Those old boyish days, how long ago they seemed! What was the use of recalling them? It would not bring back the mother I had lost, or the father who had cared for me, and it only made me depressed to think of them. What good, I asked myself, would my holiday do me if I spent it in brooding over bygone sorrow? I must forget all this kind of thing, and cheer up, and get back my spirits again.
‘Now, little Jack,’ I said, ’big Jack must go back to his picture; come and climb into the old boat, and I’ll see how you would do in the foreground of it.’ He looked such a merry little rogue, perched amongst the nets and fishing tackle, that I felt I should improve my picture by introducing him into it, and therefore from that day he came for a certain time every morning to be painted. He was such a good little fellow, he never moved a limb after I told him I was ready, and never spoke unless I spoke to him. A more lovable child I never saw, nor a more obedient one. With all his fun, and in spite of his flow of spirits, he was checked in a moment by a single word. No one could be dull in his company, and as the week passed on I began to regain my usual cheerfulness, and to lose the uncomfortable impression left on my mind by the sermon on the shore and the questions the preacher had asked us.
THE TUG OF WAR
I had quite made up my mind not to attend the service on the following Sunday, and when a pink paper floated down on my easel on the Saturday morning, I caught it and thrust it into my pocket, without even looking to see what the subject was to be.
‘Have you got it, Mr. Jack?’ said the child’s voice above me.
‘All right, little man,’ I answered; ‘it’s all safe and sound.’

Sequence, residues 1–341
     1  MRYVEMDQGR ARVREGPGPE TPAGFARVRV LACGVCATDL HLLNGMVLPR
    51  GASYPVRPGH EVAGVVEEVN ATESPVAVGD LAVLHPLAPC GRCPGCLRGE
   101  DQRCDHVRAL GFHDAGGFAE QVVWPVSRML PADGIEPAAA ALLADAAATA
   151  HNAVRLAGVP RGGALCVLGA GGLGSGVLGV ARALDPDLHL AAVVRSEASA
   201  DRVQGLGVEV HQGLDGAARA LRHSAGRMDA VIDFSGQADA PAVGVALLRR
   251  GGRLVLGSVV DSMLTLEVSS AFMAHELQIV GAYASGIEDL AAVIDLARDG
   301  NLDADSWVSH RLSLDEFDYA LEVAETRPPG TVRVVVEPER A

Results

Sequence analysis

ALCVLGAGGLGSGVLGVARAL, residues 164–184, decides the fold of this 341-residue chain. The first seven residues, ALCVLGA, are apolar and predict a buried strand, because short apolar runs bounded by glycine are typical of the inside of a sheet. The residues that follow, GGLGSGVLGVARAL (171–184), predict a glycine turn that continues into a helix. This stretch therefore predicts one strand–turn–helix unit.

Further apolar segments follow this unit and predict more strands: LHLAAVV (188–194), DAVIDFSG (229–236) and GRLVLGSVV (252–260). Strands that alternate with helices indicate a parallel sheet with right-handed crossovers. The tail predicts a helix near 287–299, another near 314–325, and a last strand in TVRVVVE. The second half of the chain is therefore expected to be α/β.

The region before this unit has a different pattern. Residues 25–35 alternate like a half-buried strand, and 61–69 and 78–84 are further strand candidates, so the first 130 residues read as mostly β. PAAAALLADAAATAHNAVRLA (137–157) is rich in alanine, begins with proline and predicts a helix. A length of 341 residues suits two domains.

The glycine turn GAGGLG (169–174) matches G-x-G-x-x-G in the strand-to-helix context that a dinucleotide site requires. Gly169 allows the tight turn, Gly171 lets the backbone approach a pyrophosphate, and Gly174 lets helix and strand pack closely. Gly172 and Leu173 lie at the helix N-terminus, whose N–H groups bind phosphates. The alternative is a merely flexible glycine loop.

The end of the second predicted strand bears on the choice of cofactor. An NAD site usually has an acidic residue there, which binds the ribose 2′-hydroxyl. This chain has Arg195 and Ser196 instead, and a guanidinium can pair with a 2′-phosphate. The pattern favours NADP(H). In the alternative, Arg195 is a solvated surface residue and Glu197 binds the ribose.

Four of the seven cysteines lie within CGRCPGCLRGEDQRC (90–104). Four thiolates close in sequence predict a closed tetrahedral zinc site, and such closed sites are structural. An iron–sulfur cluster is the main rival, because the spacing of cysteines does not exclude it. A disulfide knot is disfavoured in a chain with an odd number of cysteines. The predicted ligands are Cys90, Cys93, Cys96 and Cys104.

I made my plans for Sunday with great care. I asked for an early breakfast, so that I might walk over to Kettleness, a place about two miles off along the coast, and which could only be reached at low tide; and when I was once there, on the other side of the bay, I determined to be in no hurry to return, but to arrive at Runswick too late for the service on the sands. If Duncan and Polly missed me, they would simply conclude that I had found the walk longer than I had expected.
But, as I was just ready to set out for Kettleness, a tremendous shower came on.
‘You’ll never set off in this weather, sir?’ said Duncan anxiously.
‘Oh no, of course not,’ I answered lightly.
I fancied that he looked more concerned than the occasion warranted, and I feared that he suspected the real reason for my early walk.
There was now nothing to be done but to wait till the shower was over, and by that time I found it would be impossible for me to go to Kettleness without seeming deliberately to avoid the service.
The sun came out, and the sky was quite blue before eleven o’clock, and the fishermen spread tarpaulins on the sand for the congregation to sit on, and I found myself—I must say very much against my will—being led to the place by little Jack.